Article written by:
Rebekah Smith, CPA, CFF, CVA, MAFF
Director of Forensic & Dispute Advisory Services
Dustin Minton, CPA, MBA
Director, Restaurant Services
Kaz Unalan, CPA
Director, Tax & Business Advisory Services
Note: The guidance provided below is based on our knowledge at this point in time. The information is continuously changing. Please ensure you verify this information with your GBQ advisor.
The rules and guidance regarding the Small Business Administration’s (“SBA”) Paycheck Protection Program (“PPP”) loans authorized in the Coronavirus Aid, Relief, and Economic Security Act (“CARES Act”) continue to evolve.
The CARES Act provides that, “an eligible [PPP loan] recipient shall be eligible for forgiveness of indebtedness on a covered loan in an amount equal to the sum of” payroll, mortgage interest, rent and utilities (all as defined in the CARES Act) incurred and paid during an eight week period following the funding of the loan.
The CARES Act also provides that, “For purposes of the Internal Revenue Code of 1986, any amount which (but for this subsection) would be includible in gross income of the eligible recipient by reason of forgiveness described in subsection (b) shall be excluded from gross income.” In other words, the forgiveness of the PPP loan will not result in taxable income to the borrower.
So what has changed?
The CARES Act was silent regarding the tax treatment of the expenses paid with PPP loan proceeds that were subsequently forgiven. Late yesterday, the Internal Revenue Service (“IRS”) issued guidance (Notice 2020-32) regarding the tax treatment of expenses paid with PPP loan proceeds. The notice “clarifies” that:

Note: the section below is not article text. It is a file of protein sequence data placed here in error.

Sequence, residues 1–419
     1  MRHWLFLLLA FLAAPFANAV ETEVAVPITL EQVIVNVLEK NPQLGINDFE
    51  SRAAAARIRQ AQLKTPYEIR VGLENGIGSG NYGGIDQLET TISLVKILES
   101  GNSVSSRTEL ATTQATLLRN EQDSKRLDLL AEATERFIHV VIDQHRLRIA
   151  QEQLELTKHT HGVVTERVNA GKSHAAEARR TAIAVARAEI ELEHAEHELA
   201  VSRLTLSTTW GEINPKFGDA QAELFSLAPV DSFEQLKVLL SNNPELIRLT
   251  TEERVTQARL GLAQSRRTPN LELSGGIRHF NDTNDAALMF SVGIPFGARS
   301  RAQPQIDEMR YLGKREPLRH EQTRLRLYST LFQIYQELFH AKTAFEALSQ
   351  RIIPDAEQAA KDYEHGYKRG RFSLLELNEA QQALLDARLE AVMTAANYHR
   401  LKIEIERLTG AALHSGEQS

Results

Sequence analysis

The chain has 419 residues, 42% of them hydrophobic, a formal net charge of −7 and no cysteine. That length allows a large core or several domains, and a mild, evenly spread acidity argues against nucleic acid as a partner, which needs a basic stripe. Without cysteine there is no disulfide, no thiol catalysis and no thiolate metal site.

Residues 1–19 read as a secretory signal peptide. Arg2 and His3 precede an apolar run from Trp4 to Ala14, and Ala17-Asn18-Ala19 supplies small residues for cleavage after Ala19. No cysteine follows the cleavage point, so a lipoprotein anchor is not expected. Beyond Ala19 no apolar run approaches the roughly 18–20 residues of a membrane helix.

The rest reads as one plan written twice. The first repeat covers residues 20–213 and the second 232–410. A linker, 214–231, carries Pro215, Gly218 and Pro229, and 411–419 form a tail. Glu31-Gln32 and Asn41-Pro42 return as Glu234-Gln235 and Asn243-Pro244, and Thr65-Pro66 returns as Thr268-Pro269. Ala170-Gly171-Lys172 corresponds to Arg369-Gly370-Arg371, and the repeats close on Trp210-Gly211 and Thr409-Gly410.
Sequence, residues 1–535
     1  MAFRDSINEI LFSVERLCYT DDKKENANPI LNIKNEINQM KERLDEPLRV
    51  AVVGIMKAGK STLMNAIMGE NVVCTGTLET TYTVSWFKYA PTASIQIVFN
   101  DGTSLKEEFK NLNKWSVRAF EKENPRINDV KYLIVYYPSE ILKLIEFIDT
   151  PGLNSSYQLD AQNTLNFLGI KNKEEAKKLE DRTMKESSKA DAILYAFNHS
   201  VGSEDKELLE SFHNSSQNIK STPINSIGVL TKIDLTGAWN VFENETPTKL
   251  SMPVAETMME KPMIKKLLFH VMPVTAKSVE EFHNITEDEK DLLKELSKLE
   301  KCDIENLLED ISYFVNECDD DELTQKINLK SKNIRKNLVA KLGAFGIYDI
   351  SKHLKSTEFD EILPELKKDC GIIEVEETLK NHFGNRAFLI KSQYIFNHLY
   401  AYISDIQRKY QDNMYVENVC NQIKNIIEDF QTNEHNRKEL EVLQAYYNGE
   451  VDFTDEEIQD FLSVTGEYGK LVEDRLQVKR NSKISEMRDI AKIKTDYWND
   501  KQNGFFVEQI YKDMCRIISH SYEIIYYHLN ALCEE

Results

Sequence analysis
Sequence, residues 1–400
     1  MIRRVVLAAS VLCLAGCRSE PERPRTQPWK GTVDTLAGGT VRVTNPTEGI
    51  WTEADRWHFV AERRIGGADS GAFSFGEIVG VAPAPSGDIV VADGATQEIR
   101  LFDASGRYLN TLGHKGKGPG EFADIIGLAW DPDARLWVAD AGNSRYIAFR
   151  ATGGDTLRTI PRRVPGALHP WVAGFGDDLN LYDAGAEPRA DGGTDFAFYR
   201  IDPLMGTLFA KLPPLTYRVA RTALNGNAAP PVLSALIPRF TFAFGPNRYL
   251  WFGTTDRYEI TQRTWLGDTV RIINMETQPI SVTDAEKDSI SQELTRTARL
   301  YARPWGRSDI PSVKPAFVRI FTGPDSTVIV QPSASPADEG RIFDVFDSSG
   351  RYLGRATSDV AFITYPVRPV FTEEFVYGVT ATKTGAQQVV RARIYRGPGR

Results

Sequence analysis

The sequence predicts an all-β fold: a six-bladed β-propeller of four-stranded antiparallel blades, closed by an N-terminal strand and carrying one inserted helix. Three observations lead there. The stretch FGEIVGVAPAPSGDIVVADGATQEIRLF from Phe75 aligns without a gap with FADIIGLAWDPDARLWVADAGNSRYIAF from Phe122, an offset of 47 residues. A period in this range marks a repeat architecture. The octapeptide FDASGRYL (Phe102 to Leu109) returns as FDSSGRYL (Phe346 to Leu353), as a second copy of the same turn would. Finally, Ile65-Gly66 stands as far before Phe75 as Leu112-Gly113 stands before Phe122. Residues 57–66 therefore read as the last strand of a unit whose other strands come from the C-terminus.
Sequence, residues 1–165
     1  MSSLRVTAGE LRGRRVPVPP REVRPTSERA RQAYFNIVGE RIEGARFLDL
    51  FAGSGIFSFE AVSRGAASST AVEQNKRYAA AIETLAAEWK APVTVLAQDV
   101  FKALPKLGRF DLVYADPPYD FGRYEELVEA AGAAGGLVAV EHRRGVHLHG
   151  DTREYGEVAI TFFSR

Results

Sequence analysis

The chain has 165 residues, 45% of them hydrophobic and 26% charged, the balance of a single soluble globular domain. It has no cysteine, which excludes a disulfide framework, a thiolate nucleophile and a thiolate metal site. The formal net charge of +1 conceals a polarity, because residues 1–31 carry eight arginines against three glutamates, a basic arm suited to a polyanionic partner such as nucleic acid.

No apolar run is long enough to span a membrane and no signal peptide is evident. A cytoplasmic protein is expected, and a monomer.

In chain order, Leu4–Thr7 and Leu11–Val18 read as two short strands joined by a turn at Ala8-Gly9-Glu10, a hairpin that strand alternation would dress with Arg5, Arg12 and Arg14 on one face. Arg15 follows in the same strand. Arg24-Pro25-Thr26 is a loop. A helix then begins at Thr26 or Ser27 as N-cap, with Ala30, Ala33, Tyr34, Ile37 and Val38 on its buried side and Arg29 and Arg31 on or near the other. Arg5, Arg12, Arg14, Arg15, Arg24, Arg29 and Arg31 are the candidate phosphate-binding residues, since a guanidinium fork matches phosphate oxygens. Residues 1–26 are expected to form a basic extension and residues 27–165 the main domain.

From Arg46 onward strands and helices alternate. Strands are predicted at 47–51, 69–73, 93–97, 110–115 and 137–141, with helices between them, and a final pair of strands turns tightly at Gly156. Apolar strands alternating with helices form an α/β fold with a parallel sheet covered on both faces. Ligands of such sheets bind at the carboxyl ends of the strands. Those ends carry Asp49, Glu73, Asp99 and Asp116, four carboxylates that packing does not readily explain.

…no deduction is allowed under the Internal Revenue Code (Code) for an expense that is otherwise deductible if the payment of the expense results in forgiveness of a covered loan…and the income associated with the forgiveness is excluded from gross income for purposes of the Code…
This guidance means that expenses paid using PPP loan proceeds that are later forgiven will not be deductible for tax purposes.
How does this new guidance impact you?
Prior to the IRS clarification, you may have been expecting a tax “benefit” generated by the deductibility of expenses paid using PPP loan proceeds. Since the loan forgiveness is not taxable (and still is not taxable), deducting expenses paid with forgiven loan proceeds would have resulted in a net tax benefit because the expenses would have been deducted without recognizing any revenue (i.e., the normally taxable loan forgiveness income).
Based on this new guidance (and assuming it is not subsequently changed), your company will still not recognize loan forgiveness income but will also not be able to deduct expenses paid with the forgiven loan proceeds. This guidance makes the PPP loan forgiveness tax neutral rather than resulting in a tax benefit. Please note that expenses paid with PPP loan proceeds that are not forgiven are still deductible.
So what should you do?
If you are working on modeling what loan forgiveness might look like for your company, we encourage you to make the best decisions for your business regarding your employees, compensation, benefits and allowable operating expenses and then consider how to those decisions fit within the context of maximizing the value of your loan proceeds. While the guidance regarding PPP loans continues to evolve, we do not think that this guidance from the IRS should change the way that you think about your company’s use of its PPP loan proceeds.
Your PPP loan, qualified expenses and loan forgiveness should also be discussed with your tax advisor during your 2020 tax planning process.
Our SBA team is ready and able to help if you would like assistance with thinking through, or modeling, your PPP loan forgiveness. Please contact your GBQ advisor or Rebekah Smith, Dustin Minton or Jeremy Bronson if you have questions or would like to schedule a call.